Tuesday, August 15, 2017

Practical WiFi hosts triangulation with Kismet, Python and Gimp for de-anonimization

NOTE - I created an independent project in order to automize some math

In this article, I'll try to explain how to (approximately) locate and identify any host on any WiFi hotspot, encrypted or not (link layer frames), using triangulation and some tools.

The purpose is to find an anonymous user who spoofed his MAC and consumes all the bandwidth by downloading Game of Thrones.

The exact mathematical therm is Trilateration actually.

So, let's say that we have a typical setup:

Many devices are connected to a single router, in fact, it also can be done with multiple bridges.

Our task is to estimate the location of a precise host (not only the router it-self), in order we can map it.

For now, we need to see the MAC addresses connected to specific AP (access point) and their RSSI in dBm (Received signal strength indication in decibel-milliWatts).

For that we can use WiFiChannelMonitor for Windows or (in our case) Kismet. One can try AirCrack-NG as well, but there are some tricks to add, like frequency channels, ACK/CTS/RTS frames and BSSID associations.

Just after launching Kismet, you should see a prompt for server starting, just press Tab (for navigation) and Enter (to select) Yes :

Name it like you want and Start :

Then, you will have to specify your network interface for promiscuous mode :

Just select your WiFi card or an already monitored interface (like mon0) :

Finally, just close the Console Window :

Now, you should have a pseudo-gui interface :

So, let's find a WiFi hotspot, by applying ESSID filtering (pressing Esc) and navigating using arrow keys :

Then just select (without Enter) the hotspot and you will see all the clients (MACs) connected to the network.
If you select it (Enter), you will see more details (I'm using 5GHz WiFi and not 2.4GHz like most of you) :

OK, let's see the details for the clients (by pressing Esc) :

Lastly, we will need to see their electromagnetic emission power (signal) level (basically, a decibel (power ration) for milliWatt (electricity consumption)), which is not displayed by default :

Now, we are ready :

Kismet will also show the manufacturer (based on MAC vendor) and you can sort them if you want.
Note that even if you return to main window, you will still see the power level :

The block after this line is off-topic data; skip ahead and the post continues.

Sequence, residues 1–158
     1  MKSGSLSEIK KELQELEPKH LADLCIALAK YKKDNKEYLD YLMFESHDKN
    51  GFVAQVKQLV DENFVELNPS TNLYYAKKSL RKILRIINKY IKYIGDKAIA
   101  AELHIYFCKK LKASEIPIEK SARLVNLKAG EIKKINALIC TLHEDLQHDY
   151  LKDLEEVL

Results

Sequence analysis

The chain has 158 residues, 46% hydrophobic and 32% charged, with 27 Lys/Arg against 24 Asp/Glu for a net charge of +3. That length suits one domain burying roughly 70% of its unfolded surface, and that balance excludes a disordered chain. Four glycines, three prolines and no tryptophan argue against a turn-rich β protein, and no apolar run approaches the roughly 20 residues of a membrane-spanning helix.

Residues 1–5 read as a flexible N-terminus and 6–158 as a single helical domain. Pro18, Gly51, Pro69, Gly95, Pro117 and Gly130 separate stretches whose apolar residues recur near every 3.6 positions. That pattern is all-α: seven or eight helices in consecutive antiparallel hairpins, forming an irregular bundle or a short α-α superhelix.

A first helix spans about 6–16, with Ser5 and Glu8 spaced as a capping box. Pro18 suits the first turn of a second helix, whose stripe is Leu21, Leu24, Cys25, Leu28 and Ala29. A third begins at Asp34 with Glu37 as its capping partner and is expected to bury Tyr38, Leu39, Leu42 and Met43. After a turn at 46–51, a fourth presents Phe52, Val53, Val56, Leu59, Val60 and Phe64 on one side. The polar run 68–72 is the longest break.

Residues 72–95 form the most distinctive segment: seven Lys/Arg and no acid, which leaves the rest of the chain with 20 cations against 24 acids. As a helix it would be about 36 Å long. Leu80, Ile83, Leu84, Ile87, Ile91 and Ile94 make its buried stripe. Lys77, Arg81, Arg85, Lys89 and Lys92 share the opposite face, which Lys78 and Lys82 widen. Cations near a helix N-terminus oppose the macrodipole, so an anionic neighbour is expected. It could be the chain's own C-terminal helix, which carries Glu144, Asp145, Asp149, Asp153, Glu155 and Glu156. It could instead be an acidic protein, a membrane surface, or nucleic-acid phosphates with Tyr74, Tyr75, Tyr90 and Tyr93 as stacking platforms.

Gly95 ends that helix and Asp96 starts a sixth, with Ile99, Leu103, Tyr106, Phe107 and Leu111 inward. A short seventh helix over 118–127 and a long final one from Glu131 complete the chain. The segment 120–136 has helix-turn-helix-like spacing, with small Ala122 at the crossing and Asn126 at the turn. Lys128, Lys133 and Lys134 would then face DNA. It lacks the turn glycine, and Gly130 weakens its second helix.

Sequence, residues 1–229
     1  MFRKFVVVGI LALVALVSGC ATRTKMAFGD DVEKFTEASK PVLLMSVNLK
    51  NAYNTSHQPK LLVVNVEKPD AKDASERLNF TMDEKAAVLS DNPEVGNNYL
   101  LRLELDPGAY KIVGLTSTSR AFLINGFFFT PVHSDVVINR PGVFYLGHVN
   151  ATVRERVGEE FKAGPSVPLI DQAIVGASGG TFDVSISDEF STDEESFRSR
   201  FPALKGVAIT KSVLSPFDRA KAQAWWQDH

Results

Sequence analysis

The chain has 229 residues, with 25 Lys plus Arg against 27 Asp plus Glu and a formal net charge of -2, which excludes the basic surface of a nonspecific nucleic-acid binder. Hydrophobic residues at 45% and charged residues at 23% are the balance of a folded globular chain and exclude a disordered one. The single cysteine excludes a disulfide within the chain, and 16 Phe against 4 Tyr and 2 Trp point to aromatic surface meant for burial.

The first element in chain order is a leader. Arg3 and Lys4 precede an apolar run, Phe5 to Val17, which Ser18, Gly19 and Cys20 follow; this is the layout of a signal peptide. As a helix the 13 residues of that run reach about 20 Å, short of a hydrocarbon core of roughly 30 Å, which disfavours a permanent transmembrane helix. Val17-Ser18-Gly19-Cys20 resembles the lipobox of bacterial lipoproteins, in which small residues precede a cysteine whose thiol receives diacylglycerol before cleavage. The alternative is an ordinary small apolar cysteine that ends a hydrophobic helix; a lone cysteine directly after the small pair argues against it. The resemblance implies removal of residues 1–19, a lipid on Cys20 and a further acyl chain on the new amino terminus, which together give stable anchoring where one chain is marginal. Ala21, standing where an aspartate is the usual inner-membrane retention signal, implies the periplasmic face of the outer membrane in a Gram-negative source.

OK, as you can see Kismet measured the power of my router (67 dBm) and of my smartphone (30), I'm using cable for my PC, so it's not displayed.
Based on such values, we can estimate the distance, but it will be better if we could calculate an approximation, what I did :

You just have to specify the AP frequency (displayed by Kismet as well) in MHz and the host power level (dBm).
The source code of the script can be found on my GitHub.
The formula that I used isn't the most precise (especially if you would make tests with different frequencies), but it's sufficent for our practical purpose.You can also, calculate logarithm with bc by the way, but I know that some of you are using Windows and not big fans of Cygwin, so I decided to make it as portable as possible, thus writing the code in Python.

So, now we know the distance, my smartphone is on my right (15 cm), so it's pretty easy to locate it in this case, but what about the router (10m)? Here's where triangulation (or trilateration) comes in place.

I'll use Gimp as a graphical editor, but you're free to use what you're more comfortable with (PhotoShop, Paint, etc).
So, let's make a square image of 500x500 pixels, which will correspond to 50x50 meters :

And make a circle with radius of 100 (10 meters), thus a diameter of 200, which is equivalent for a flat (not circle) surface of 200x200 (20 meters), or you can just enter 100x100 for simplification :

Just for better comprehension for the next part, let's color it as well :

Alright, we are at the center of the circle (my room), and the host can be anywhere on the end of the circle.
So, let's move like 5 meters backward (half of the radius) and measure the distance again.
From my kitchen, it will be 6.5 meters, so let's trace one more circle :


Now we can be sure that the host is located either few meters left, either few meters right.
If we decided to step forward or to the side, the distance will increase, but we will still have the two points of intersection.
So, let's make the final 3rd measurement stepping backward again and right few meters to my guest room, and measure 3.3 meters :

If we decided to step left, the distance would increase once again, but we will still have our unique intersection point (I just don't have that much place in my apartment).
OK, now we know almost the exact position, which was right lower corner from the beginning (my room) :

That's it for my router and since, Kismet will now display the power level of all clients, you can do the same for any connected host.
As you can see, it's quite simple and can be automize, but not easy to develop at large scales considering different antennas, obstacles, etc

I hope that you have learned something about WiFi, physics, radio and math.
Now if someone would say "it's anonymous to spoof MAC and connect to WiFI", you should have a smile and remember my article.

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